During the second week of Advent, as we’re wrapping up Genesis and turning to Exodus, our family viewing often includes DreamWorks’ two animated Pentateuch movies: the Exodus movie The Prince of Egypt and its made-for-TV prequel, Joseph: King of Dreams.
Due to the vagaries of history, Lloyd is less well-known today than Chaplin or Keaton, but his legacy lives on. If you’ve seen Back to the Future (1985), Bringing Up Baby (1938), any of Jackie Chan’s movies, or any incarnation of Superman or Harry Potter, or you’ve experienced Lloyd’s influence.
Pieces of April is about the danger, and the necessity, of hoping against hope in a troubled situation, of taking the risk of trying to make it work when there is ample reason to foresee failure.
Of Gods and Men is the most extraordinary cinematic depiction of the Christian ideal in at least the last quarter century. It also depicts something of the variety of expressions in the Islamic world.
“He has been many different men,” Antonio Banderas tells Catherine Zeta-Jones in the last scene of the rousing 1998 action movie The Mask of Zorro.
Hall doesn’t want credit; as far as he’s concerned, the rescue was God’s work, not his.
Both films revolve around a number of tense cat-and-mouse interviews between the believing protagonist and a shrewd Nazi antagonist … The interviews in both films are a clash of worldviews.
“Peanuts”’ appeal was universal: It was beloved by young and old, by the intelligentsia as well as the masses; it was the definition of mainstream, yet it was also embraced by the counterculture. It was bitterly pessimistic, yet never succumbed to the despair and nihilism of, say, “Dilbert” or “Pearls Before Swine.”
“When it comes to fighting vampires and performing exorcisms, the Roman Catholic Church has the heavy artillery” is how Roger Ebert opened his review of John Carpenter’s Vampires.
If the early scenes with Marty’s mother suggest that parents sometimes try to hold their children to a standard they never tried to meet themselves, the parking scene suggests that the reverse may also be the case: Children may want their parents to embody a higher standard than they want for themselves.
There is a sense in which “Avatar: The Last Airbender” is for my children in part what Star Wars was for my generation: a new and enthralling mythology about a young hero with a mysterious power slowly learning to channel that power to fight against a tyrannical empire.
We aren’t exactly talking The Matrix here, but it’s been awhile since a Hollywood popcorn action movie elicited such a range of theological and philosophical analysis.
Much like Pope Francis himself at times — or even like Jesus himself — Saint Francis of Assisi has often been made into an avatar or mascot of people’s likes (or dislikes) rather than being recognized as the surprising, vibrant figure he really was.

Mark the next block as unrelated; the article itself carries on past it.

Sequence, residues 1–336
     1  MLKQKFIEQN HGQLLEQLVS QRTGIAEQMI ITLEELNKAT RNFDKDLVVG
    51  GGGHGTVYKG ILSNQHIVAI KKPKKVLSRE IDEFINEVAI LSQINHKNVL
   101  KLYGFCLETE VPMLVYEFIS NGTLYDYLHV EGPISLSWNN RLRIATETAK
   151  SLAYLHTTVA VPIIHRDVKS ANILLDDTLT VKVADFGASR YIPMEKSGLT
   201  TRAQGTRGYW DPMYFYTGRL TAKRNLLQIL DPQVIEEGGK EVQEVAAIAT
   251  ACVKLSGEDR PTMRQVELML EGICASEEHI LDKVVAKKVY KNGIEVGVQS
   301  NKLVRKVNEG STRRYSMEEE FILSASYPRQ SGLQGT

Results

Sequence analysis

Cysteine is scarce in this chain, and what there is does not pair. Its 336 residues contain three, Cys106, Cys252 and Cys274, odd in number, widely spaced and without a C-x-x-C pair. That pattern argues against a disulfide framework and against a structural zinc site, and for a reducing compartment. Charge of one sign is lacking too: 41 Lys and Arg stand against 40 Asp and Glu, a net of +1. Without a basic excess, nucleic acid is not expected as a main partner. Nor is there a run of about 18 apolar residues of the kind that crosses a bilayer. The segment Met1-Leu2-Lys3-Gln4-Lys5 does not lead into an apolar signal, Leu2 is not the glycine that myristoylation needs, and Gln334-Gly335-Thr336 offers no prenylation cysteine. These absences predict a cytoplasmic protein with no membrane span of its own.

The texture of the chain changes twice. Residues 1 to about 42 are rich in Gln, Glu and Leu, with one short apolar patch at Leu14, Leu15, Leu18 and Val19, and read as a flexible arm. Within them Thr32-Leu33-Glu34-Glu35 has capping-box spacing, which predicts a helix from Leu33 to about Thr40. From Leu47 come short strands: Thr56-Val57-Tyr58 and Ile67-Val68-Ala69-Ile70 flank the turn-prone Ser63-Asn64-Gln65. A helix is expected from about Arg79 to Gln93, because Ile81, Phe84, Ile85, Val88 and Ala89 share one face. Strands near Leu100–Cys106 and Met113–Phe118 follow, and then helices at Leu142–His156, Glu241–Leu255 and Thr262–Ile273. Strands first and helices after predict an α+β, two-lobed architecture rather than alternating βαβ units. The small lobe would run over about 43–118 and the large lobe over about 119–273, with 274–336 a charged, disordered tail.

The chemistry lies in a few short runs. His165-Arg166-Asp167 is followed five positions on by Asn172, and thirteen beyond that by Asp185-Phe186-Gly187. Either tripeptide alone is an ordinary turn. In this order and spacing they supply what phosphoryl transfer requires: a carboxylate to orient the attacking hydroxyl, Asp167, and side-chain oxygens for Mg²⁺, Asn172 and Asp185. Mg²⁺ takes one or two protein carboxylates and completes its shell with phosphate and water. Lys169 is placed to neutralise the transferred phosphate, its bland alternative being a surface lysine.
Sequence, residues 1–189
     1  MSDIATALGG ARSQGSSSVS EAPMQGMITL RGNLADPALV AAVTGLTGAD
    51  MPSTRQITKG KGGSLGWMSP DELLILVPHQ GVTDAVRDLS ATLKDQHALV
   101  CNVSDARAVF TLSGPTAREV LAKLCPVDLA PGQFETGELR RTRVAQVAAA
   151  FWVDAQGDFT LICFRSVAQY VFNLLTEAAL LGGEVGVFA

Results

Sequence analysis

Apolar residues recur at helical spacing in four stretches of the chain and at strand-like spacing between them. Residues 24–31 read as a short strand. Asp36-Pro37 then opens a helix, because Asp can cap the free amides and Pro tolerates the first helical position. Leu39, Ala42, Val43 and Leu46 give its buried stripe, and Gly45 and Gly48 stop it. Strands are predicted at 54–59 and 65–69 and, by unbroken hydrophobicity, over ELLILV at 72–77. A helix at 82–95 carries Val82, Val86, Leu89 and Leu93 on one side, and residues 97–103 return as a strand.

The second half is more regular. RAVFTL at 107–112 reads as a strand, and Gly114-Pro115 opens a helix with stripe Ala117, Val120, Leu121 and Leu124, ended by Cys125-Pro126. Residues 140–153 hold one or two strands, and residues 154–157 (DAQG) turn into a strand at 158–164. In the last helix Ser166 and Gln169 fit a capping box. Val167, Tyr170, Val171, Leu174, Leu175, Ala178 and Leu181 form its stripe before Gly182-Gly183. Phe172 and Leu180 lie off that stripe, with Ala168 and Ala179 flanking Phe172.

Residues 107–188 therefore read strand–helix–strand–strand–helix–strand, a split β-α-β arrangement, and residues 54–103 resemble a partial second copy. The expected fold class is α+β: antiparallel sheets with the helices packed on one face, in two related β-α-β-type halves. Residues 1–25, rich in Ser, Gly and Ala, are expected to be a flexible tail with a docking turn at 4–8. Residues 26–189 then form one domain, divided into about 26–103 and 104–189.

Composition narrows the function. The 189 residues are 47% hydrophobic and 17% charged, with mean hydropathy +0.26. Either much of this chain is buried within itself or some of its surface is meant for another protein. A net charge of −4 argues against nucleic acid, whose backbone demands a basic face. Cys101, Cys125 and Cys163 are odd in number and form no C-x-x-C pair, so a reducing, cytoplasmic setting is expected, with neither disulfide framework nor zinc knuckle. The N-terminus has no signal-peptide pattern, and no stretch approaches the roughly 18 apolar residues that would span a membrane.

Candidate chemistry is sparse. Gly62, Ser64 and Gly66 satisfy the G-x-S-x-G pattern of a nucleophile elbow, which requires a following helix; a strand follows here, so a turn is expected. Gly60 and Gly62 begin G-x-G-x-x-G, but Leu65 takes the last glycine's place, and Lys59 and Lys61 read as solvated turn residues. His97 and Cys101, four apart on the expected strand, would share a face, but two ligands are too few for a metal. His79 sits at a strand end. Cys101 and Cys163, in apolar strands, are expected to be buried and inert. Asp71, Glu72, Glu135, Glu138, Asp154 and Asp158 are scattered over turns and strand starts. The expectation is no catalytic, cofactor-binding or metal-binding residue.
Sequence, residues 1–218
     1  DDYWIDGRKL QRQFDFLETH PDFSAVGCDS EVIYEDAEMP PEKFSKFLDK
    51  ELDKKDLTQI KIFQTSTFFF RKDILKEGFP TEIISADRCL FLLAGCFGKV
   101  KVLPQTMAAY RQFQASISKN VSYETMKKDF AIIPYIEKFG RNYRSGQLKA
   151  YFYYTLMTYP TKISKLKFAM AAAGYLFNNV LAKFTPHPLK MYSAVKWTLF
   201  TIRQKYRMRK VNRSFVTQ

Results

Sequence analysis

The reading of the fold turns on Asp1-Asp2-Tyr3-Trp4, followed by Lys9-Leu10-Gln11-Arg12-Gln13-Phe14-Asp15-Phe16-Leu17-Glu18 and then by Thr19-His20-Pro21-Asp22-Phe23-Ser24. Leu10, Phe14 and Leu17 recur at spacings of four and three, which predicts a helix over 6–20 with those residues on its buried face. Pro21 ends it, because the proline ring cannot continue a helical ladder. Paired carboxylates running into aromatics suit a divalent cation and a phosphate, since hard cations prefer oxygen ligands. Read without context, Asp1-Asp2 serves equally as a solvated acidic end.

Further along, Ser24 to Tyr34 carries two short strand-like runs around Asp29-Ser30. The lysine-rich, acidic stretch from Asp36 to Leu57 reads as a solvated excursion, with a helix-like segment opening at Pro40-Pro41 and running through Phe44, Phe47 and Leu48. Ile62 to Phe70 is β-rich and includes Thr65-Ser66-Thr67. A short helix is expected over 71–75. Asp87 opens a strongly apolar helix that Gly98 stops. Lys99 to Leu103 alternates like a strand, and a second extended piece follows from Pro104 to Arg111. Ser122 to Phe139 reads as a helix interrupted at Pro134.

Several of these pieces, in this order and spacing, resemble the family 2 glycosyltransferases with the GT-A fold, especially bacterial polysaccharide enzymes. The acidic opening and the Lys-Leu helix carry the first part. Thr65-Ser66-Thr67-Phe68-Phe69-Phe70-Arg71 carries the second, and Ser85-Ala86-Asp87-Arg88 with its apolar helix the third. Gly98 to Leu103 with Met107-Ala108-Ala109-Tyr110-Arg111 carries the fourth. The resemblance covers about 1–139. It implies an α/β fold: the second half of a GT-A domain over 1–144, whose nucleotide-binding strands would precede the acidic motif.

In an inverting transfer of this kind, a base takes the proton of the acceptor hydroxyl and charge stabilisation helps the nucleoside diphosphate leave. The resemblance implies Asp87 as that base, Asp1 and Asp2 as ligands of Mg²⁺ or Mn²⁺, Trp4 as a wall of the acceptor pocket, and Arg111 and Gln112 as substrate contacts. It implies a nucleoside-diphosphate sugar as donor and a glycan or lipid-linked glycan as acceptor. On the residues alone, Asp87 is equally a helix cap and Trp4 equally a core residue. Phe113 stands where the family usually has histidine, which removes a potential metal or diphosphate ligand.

Casino is more than a reboot: It’s also a kind of origin story, based on the first Ian Fleming novel. As such, it’s the story of how James Bond lost his soul, or whatever was left of it, at the very moment when he dared to hope for redemption.
The name of Saint Thomas More has cropped up in recent discussion of current events as never since — well, if not since the English Reformation, at any rate probably since one of my all-time favorite films, A Man for All Seasons, won six Academy Awards at the 1966 Oscars, including Best Picture, Best Director (Fred Zinnemann), and Best Actor (Paul Scofield).
As technology progresses and the culture and the Gospel continue to draw further apart, transhumanist aspirations flourish, both as a worldview and in the world of popular culture.
All violence is not the same. There are obvious, important differences between realistic war violence, violence in a serious social drama, cartoon violence in an action movie, horrific violence in a crime movie, slapstick violence in a comedy and so forth. Ultimately, though, I think it’s important to give ourselves regular breaks from violence of any kind. Violence is unavoidably part of human nature, but it’s far from the most interesting part.
The Dardennes’ films generally have redemptive arcs of some sort, or at least the hope of redemption — though there are no traditional happy endings, only hopeful new beginnings. Theologians ponder the mystery of evil; the Dardennes are intrigued by the mystery of goodness.
Are manmade things ever worth dying for? How do you weigh the value of art or artifacts against the value of human life? On the one hand, human life is sacred; things are just things. On the other, the cultural heritage of a people is an irreplaceable treasure that belongs not only to the whole community, but to all future generations.
In another movie, a line like “We are not things” could be a platitude, but in the context of vividly imagined atrocities with unnerving echoes of recent headlines, this simple affirmation is fraught with topical power that has only grown in the months since the film’s theatrical debut.
Copyright © 2000– Steven D. Greydanus. All rights reserved.